So these Persimmon things and I have not had the most understanding of relationships. In fact, there seems to be a complete lack of communication and I feel rather like I do nothing but give, give, give and the persimmon does nothing but take, take, take. I was on the verge of walking out of that door forever, citing irreconcilable differences when, lo and behold, a breakthrough. Suddenly, it seemed, the Persimmon was a changed fruit, a giver not a taker and quite willing to do it’s fair share in the relationship.
The problem was, you see, that I had been buying hachiya persimmons, which have to be squishily over-ripe to be eaten, and there-in lay the seed of my trauma. No matter how many fruits I bought, all gorgeous, orange, firm and shiny, not a single one bothered with what I would consider the normal path a fruit’s life follows, namely: ripening. I put them in paper bags, in warm spots, in cool spots, with other fruit, on their own. Oh, I tried it all, and everytime the fruit would sit there, glaring at me, hard firm as a green mango until it started shriveling and turning muck. And I had just about given up hope of ever coming to terms with this intriguing fruit when I noticed a tray of persimmons in the market that looked just a little bit different to the usual bright globes. They were … Ripe! Squishy and jellyish and just sitting there in their little trays begging for some love.
So finally, here it is. A recipe I’ve been holding hopefully onto for nearly 18 months now in the hope that one day, One Fine Day, I’d meet Mr Persimmon-Perfecto. Please don’t ask me where the recipe is from: it’s been kicking around, scribbled hastily onto a piece of paper, for just too long. If anyone recognises it, do let me know so that I can pay tribute correctly as this delicious pudding deserves.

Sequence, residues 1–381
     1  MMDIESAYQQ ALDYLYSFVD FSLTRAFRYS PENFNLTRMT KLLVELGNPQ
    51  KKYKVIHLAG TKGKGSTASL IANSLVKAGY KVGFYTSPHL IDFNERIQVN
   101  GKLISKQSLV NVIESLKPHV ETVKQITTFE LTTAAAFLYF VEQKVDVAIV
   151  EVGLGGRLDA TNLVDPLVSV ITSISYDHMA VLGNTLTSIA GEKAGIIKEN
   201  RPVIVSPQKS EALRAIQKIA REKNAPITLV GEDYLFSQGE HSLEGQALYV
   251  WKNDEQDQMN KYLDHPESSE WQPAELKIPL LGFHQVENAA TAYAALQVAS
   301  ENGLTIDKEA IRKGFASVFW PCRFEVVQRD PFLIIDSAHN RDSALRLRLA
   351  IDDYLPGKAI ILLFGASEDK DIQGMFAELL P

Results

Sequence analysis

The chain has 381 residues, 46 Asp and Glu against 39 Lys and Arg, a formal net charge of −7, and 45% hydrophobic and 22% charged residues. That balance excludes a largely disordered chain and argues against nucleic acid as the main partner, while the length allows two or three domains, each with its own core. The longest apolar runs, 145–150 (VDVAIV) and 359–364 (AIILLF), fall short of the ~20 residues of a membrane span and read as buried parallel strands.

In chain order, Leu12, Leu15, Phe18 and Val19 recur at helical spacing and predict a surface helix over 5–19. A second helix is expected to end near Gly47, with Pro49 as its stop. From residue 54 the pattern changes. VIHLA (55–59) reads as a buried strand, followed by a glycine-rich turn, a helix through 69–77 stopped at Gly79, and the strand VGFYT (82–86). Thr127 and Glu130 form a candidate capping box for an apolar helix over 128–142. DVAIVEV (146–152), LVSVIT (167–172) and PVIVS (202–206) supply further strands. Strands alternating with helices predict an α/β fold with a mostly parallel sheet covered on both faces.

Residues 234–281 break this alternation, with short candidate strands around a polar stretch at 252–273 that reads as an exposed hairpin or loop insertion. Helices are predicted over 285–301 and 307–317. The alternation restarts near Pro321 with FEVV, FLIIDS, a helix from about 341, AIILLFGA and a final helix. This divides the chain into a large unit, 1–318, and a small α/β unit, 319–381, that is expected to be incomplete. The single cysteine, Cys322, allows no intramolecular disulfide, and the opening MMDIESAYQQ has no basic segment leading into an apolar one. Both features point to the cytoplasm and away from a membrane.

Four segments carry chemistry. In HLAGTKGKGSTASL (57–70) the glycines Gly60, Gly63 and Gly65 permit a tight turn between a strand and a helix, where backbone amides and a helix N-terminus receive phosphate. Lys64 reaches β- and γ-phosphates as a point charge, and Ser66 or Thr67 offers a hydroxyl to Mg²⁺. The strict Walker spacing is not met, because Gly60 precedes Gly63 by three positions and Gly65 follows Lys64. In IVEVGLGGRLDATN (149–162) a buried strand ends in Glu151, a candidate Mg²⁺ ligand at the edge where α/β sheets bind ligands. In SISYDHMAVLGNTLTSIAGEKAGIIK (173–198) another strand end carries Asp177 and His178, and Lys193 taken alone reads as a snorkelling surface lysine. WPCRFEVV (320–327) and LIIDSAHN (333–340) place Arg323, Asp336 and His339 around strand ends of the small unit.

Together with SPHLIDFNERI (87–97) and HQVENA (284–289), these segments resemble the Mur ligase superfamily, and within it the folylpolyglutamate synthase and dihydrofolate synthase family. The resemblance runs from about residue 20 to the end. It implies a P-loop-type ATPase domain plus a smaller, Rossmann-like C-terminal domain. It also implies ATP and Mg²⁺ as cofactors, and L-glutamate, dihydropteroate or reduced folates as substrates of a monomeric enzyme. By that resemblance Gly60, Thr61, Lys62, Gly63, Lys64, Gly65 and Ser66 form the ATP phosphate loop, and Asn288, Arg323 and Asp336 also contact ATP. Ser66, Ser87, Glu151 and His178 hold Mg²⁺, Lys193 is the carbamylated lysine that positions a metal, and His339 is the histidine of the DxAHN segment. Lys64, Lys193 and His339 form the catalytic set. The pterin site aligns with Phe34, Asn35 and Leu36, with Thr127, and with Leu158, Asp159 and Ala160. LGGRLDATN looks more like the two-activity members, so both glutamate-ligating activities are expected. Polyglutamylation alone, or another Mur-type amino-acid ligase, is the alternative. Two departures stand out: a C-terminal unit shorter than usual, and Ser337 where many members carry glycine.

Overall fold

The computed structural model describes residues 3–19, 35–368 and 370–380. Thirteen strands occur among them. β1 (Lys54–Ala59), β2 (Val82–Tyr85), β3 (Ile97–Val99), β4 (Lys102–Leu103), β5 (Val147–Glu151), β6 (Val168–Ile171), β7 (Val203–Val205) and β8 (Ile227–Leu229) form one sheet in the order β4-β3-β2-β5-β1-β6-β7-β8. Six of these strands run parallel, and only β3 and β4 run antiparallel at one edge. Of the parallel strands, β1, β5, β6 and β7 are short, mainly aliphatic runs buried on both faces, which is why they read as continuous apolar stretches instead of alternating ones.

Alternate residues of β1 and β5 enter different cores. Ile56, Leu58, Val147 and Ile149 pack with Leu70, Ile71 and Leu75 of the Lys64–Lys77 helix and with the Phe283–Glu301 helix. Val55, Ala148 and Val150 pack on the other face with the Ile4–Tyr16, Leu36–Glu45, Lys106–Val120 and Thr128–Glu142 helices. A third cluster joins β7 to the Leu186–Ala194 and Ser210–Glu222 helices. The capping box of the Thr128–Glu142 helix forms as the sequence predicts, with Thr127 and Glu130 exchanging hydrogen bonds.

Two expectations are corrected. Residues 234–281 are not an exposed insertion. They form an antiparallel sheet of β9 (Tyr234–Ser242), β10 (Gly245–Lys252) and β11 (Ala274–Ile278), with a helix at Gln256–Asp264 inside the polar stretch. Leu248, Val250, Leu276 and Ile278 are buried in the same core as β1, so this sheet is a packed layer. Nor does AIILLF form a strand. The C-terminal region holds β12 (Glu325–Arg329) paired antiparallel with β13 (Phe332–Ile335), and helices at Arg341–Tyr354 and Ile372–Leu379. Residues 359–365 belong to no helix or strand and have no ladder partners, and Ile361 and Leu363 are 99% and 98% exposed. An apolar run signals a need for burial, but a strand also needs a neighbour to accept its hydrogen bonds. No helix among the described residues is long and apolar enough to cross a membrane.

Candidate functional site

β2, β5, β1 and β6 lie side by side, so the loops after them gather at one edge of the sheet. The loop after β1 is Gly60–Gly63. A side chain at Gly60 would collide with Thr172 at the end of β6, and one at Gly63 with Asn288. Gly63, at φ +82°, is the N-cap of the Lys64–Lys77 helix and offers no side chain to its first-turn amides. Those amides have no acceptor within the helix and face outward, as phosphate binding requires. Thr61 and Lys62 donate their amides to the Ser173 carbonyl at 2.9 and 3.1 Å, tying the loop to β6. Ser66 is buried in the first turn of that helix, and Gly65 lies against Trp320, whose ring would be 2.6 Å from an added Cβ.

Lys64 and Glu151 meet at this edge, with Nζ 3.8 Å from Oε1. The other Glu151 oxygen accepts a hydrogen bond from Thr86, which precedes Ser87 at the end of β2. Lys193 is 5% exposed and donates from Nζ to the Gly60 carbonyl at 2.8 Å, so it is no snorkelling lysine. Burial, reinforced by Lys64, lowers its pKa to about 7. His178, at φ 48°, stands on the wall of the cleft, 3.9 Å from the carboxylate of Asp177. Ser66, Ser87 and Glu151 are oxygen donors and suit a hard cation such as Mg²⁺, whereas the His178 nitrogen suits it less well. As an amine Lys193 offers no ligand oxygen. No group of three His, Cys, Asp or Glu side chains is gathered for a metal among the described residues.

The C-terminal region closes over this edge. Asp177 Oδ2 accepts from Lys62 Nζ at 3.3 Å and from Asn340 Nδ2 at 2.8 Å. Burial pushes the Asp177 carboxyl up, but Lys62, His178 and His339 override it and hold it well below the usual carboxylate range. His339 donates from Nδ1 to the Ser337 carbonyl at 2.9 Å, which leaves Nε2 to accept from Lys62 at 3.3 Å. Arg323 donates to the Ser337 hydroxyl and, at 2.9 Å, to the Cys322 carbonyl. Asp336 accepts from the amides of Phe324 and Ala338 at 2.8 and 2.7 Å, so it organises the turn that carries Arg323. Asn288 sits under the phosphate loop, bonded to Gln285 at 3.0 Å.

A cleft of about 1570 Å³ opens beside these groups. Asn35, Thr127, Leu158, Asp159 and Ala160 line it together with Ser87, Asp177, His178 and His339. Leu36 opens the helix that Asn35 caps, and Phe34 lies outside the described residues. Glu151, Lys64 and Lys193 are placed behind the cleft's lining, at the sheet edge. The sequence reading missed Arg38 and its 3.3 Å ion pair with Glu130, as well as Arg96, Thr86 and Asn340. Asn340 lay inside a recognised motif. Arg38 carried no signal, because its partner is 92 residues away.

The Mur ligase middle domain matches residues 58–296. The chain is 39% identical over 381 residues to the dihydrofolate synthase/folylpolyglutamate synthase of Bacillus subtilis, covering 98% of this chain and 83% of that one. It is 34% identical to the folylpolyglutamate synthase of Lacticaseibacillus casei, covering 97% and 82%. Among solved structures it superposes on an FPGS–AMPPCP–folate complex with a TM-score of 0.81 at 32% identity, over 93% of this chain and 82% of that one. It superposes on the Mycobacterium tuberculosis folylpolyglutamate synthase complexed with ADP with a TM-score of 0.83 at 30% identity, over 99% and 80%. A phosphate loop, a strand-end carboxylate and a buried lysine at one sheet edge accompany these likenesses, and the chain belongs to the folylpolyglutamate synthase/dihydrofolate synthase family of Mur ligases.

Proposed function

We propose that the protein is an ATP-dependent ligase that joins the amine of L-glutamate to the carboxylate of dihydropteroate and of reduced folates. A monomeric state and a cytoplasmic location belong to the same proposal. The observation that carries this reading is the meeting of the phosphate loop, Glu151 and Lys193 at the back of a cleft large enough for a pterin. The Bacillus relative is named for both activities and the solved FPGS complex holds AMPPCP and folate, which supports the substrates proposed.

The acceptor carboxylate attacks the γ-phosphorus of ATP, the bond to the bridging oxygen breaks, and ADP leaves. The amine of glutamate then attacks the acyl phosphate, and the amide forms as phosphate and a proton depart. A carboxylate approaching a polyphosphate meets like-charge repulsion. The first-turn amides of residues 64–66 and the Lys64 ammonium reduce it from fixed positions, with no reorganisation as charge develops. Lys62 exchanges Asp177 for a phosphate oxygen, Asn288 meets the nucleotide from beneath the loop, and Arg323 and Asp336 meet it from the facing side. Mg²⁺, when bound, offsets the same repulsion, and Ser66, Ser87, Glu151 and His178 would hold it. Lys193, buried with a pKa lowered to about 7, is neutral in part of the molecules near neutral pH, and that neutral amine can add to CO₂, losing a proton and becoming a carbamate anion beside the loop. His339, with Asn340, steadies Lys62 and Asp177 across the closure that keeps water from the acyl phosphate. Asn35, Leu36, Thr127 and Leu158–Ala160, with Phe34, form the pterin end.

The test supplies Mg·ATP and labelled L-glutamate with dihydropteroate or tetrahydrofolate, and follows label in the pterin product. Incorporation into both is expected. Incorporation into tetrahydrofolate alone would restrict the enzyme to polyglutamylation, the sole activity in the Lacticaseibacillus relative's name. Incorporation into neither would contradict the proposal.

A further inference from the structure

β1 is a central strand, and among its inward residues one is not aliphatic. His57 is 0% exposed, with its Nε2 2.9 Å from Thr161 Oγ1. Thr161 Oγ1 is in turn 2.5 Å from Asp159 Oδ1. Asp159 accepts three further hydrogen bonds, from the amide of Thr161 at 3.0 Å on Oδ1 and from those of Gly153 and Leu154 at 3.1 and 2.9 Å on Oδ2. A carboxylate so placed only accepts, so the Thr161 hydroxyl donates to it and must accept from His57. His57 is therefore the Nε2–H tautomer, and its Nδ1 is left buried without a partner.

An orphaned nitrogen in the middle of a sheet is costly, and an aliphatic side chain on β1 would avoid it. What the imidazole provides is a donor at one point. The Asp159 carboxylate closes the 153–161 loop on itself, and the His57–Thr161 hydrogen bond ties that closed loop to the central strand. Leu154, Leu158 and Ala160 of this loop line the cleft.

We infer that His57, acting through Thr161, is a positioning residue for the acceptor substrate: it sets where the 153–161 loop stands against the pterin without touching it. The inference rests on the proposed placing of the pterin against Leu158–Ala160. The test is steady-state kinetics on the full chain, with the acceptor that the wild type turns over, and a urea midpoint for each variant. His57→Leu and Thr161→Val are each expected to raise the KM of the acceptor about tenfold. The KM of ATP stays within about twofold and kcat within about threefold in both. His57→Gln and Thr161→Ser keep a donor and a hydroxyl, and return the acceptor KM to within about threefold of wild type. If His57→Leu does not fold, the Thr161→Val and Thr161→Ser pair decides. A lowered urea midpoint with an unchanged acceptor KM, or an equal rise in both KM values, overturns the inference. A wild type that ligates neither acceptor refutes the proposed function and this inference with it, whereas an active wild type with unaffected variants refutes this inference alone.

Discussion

*note: the left overs are great cut into cookie-sized squares for tea time
**note: this is not strictly a pudding, but more of a cake-meets-pancake. But who’s counting, right?
1 cup persimmon pulp (from 1 big, super ripe persimmon)
½ cup dark brown sugar (demerara)
½ cup buttermilk
½ tsp bicarb
½ cup evaporated milk (from a can)
½ tsp vanilla essence
1 cup flour
1 tsp baking powder
½ tsp cinnamon
¼ cup vegetable oil, such as canolo
for the filling:
3 or 4 Tbsp cream cheese
½ tsp cinnamon
½ tsp ground ginger
couple drops of vanilla
honey, to taste
– preheat the oven to 325˚F. Grease 2 23cm cake tins.
– mix fruit, sugar and eggs in a large bowl.
– stir the bicarb into the buttermilk, then combine both milks together.
– mix fruit and milk mixtures, then add vanilla.
– mix the flour and the baking powder well then add to the milky fruit mix.
– lastly add the oil. Allow mixture to sit for 5 mins before baking.
– divide between 2 cake tins and bake for about 45 – 50 mins, until golden.
– the cake will rise quite dramatically then fall again, don’t worry. Transfer to a cooling rack to cool.
– to finish the pudding, mix the filling ingredients, to taste, and spread between the cooled cakes.